Rescuers who freed children and adults from broken cable car honored by Pakistan's prime minister

ISLAMABAD (AP) — Pakistan’s prime minister has paid tribute to the commandos and volunteers who rescued six children and two adults from the broken cable car where they dangled over a valley in a 16-hour ordeal.

At the ceremony Thursday in Islamabad with the eight rescued people in attendance, caretaker Prime Minister Anwaar-ul-Haq Kakar embraced the rescuers and handed them certificates in acknowledgement of their actions, saying he was proud of them.

In televised remarks, Kakar said when he heard the news on Tuesday, he felt as if his own son was among those trapped in the broken cable car.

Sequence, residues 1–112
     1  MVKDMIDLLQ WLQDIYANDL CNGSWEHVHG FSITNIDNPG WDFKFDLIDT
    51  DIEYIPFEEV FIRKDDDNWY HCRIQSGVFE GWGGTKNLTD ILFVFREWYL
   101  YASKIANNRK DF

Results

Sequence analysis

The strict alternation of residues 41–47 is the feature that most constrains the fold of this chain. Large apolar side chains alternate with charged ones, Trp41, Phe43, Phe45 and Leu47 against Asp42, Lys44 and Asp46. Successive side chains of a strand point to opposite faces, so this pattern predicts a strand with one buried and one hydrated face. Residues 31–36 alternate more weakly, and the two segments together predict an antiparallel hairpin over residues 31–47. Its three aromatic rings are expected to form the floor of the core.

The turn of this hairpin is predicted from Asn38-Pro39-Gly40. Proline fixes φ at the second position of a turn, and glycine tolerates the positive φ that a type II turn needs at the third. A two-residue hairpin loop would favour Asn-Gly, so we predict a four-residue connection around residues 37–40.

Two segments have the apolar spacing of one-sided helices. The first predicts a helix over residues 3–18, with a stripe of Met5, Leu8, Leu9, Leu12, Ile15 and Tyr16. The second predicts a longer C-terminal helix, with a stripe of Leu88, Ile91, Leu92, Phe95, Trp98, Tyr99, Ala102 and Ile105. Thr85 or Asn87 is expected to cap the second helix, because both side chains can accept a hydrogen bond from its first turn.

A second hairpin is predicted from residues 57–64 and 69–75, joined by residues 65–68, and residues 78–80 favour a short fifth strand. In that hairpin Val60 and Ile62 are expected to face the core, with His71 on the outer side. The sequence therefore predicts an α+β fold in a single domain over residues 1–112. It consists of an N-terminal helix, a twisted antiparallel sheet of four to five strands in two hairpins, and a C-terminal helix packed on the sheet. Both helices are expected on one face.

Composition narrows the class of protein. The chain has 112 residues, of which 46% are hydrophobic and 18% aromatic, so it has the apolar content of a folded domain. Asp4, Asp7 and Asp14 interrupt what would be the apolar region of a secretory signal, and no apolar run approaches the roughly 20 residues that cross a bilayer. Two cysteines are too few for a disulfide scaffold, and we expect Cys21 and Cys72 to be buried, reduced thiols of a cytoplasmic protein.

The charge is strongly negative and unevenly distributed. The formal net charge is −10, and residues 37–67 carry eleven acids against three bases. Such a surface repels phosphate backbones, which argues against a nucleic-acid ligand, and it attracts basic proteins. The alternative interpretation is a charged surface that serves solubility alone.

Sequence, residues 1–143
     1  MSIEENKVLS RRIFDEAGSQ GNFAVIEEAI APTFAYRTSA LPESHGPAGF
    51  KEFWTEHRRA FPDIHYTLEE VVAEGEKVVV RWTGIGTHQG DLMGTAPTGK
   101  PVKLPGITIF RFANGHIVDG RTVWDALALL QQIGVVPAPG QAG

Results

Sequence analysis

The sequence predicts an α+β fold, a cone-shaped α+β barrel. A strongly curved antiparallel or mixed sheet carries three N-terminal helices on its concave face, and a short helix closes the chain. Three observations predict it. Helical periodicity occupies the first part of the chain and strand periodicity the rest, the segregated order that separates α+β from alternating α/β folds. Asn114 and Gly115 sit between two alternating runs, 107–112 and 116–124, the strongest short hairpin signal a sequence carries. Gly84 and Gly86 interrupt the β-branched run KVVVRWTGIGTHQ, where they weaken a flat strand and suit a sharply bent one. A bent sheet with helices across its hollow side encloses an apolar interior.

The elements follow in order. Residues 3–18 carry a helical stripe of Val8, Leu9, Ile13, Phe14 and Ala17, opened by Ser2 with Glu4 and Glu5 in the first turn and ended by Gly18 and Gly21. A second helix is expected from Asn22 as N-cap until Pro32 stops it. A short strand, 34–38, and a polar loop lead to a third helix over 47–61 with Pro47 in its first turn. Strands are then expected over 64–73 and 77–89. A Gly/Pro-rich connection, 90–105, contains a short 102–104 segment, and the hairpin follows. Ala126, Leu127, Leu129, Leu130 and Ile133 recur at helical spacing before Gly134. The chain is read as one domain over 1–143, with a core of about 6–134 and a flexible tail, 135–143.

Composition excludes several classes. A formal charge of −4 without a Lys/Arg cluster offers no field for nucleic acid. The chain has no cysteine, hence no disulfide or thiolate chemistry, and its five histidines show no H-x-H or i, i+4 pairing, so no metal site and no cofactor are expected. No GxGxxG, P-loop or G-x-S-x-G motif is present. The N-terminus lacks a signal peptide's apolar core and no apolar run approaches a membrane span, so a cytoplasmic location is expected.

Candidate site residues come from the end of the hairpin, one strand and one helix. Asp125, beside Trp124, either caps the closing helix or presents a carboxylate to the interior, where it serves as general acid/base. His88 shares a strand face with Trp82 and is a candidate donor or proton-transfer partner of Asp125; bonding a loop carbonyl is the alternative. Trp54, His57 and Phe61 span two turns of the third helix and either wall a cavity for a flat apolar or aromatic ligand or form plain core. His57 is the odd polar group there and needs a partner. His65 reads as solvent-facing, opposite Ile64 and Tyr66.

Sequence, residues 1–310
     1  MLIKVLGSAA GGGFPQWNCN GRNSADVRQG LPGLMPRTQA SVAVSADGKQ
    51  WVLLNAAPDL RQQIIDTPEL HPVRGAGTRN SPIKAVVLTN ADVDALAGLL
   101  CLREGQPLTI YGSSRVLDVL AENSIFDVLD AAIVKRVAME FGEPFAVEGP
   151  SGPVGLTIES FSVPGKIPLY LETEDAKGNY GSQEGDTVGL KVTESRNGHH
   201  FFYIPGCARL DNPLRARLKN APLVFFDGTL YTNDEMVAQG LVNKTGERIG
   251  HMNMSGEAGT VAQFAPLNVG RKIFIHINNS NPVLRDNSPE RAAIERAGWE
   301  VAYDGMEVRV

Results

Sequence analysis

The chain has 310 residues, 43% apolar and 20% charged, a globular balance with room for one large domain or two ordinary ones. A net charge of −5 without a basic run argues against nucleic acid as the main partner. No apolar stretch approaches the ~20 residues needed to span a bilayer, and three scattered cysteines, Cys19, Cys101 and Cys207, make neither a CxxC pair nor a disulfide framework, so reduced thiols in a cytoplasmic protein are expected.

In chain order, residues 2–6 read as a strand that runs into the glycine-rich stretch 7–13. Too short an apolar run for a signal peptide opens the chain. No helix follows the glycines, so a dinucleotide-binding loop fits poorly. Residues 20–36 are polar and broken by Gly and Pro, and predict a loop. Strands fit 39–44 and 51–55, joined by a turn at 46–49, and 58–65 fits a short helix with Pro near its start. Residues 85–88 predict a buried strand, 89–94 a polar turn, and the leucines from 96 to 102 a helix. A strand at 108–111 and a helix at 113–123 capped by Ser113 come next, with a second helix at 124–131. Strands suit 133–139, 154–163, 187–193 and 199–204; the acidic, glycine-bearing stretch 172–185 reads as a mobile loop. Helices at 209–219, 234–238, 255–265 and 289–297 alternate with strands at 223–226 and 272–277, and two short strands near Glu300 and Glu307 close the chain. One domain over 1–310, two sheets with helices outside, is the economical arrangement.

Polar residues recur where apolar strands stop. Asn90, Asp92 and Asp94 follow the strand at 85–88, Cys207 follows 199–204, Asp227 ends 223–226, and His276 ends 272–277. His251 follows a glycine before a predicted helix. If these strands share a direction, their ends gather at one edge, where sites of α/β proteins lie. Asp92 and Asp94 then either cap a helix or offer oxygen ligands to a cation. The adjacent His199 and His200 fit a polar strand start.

The rescue hundreds of meters (yards) above a river canyon in Battagram, a district in Khyber Pakhtunkhwa province in the northwest, transfixed Pakistanis and was widely hailed for its successful outcome.

Initially, one of the youngest was grabbed by a commando attached to a helicopter by rope, while others were lowered to the ground with the help of volunteers using a makeshift chairlift built by villagers from a wooden bed frame and ropes.

The children, from 11 to 15 years old, were headed to school. Locally made cable cars gliding across steep valleys in the mountainous region are widely used to cut travel time to schools, workplaces and businesses.

One of the adults rescued appealed to the government to build a school in the area and link their village to nearby towns with a bridge and a road so people would not experience such ordeals.